Good news for new moms: A recent study found that airmen who wait 12 months to take their first physical fitness test after giving birth score higher than those who test at six months postpartum.

Women who took longer to recover from childbirth were 6.4% less likely to fail fitness tests than those who tested at the six-month mark, according to the study’s findings, published Dec. 11 in the journal Military Medicine.

“The prevalence of test failure at the first exam postpartum was 10.4% among 6-month testers, and 4% among 12-month testers,” the study found.

The research supports an Air Force policy change from 2015 that allowed postpartum airmen to defer PT tests for up to a year, allowing them more time to heal and train before facing a test that can affect their professional standing.

Researchers from the Air Force’s Biomedical Sciences Corps and the University of Nebraska compared the data of more than 6,700 mothers who gave birth from 2011 to 2019 in the military medical system.

Mothers who gave birth before March 6, 2015, were allowed to wait six months before jumping into routine PT testing. Those who had a child after that date became eligible for a 12-month hiatus.

The policy applies to those whose pregnancies reach at least 20 weeks, including miscarriages.

Active duty troops can receive up to 18 weeks, or six months, of convalescent and parental leave after childbirth. The previous policy required postpartum airmen to face a gauntlet of running, pushups and core exercises much sooner after returning to work.

Still, the women failed PT tests more often than before they had children. Neither group had returned to their baseline weight or abdominal measurements two years after giving birth. The airmen studied were closest to their prenatal measurements 12 months out.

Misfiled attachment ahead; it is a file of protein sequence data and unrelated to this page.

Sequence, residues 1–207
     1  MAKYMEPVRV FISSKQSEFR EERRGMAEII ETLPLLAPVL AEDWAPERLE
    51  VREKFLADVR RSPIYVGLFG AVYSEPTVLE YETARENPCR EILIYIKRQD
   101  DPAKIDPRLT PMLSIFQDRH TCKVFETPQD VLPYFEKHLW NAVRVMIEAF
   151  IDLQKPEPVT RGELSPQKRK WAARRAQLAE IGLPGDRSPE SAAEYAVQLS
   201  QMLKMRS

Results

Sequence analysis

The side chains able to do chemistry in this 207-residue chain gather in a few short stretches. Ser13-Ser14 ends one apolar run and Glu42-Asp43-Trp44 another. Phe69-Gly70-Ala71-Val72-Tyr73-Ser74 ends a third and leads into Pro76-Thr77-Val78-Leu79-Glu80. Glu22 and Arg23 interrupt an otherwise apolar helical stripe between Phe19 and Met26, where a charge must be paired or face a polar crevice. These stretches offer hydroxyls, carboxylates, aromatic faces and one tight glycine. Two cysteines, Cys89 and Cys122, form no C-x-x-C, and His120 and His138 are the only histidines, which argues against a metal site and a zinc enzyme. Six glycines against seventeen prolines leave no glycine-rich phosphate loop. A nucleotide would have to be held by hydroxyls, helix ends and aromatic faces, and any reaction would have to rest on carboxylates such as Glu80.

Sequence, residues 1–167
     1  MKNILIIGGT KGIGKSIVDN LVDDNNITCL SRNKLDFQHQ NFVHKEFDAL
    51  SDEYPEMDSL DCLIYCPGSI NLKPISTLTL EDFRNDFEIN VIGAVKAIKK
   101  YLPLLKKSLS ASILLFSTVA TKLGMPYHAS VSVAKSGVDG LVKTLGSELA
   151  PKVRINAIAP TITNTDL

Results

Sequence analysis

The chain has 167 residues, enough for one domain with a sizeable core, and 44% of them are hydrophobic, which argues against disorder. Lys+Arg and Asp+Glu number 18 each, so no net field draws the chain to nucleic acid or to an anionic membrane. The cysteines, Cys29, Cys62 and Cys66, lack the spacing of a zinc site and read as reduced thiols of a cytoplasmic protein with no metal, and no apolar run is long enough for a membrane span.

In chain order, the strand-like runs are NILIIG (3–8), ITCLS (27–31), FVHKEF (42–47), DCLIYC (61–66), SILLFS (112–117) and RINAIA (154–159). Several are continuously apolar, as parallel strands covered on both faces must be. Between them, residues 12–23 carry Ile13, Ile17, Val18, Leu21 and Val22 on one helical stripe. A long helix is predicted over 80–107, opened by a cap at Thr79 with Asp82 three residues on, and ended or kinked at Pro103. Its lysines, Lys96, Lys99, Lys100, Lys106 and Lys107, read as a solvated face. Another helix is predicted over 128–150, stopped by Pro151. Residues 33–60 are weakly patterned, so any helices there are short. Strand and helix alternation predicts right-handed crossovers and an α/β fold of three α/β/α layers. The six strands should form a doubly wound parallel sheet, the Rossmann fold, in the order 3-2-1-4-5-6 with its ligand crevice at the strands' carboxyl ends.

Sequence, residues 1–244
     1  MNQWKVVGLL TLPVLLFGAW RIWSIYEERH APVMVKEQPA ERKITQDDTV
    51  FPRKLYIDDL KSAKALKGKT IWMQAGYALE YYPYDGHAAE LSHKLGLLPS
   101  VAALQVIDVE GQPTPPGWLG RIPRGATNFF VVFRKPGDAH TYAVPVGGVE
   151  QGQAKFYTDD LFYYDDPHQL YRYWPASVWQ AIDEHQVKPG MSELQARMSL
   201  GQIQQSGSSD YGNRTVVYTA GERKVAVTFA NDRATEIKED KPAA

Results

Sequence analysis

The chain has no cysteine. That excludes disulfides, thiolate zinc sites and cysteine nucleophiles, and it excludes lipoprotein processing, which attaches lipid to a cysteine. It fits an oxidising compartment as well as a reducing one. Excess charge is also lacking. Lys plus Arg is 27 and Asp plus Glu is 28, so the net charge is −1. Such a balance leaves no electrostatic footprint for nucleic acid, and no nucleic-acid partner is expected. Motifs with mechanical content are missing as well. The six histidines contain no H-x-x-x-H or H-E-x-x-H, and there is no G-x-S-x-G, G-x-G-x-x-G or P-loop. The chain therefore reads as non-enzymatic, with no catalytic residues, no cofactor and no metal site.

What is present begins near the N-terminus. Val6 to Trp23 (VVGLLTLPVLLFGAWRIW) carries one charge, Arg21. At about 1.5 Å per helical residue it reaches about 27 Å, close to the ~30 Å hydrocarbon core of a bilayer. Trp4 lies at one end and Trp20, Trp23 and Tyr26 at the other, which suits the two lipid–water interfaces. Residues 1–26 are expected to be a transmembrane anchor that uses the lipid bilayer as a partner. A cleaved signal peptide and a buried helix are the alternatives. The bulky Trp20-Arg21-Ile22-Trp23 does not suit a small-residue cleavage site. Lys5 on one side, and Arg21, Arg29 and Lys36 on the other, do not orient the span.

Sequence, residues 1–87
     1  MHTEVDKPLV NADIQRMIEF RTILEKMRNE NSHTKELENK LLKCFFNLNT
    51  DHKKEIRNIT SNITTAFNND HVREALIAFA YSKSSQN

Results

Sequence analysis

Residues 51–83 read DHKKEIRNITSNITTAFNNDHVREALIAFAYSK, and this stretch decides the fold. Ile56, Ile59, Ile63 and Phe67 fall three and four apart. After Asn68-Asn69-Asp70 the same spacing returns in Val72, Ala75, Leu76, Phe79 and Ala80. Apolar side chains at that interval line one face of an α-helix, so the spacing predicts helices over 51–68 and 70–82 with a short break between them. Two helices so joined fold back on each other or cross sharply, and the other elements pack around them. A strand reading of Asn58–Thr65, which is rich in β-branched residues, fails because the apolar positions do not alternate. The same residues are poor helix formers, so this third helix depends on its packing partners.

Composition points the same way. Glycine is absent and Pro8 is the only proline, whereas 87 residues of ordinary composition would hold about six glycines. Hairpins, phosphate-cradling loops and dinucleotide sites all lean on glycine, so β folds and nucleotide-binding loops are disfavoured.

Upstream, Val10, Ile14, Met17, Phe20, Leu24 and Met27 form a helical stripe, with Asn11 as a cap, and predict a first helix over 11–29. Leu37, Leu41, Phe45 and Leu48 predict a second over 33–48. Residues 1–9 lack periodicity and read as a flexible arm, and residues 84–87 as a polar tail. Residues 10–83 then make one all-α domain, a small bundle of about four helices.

Across the study, 7.5% of those included failed their required fitness test. Younger, single mothers in lower enlisted ranks fared worse than those in other demographics across the officer and enlisted corps.

Researchers noted they lacked data about the nutrition habits of the women that participated in the study, which may have affected PT test performance. Pregnancies resulting in miscarriages and stillbirths were also excluded from the data set.

Even so, the researchers concluded the Air Force’s decision to allow for 12 months of “dwell time” before requiring postpartum airmen to meet physical fitness standards is a step in the right direction.

“Allowing for a longer dwell time between tests may allow women to be at their best to support both their families and the mission, reduce risk for injury, and as indicated by our results, have higher levels of physical readiness at their first postpartum fitness test,” the study said.

Sarah Sicard is a Senior Editor with Military Times. She previously served as the Digitial Editor of Military Times and the Army Times Editor. Other work can be found at National Defense Magazine, Task & Purpose, and Defense News.

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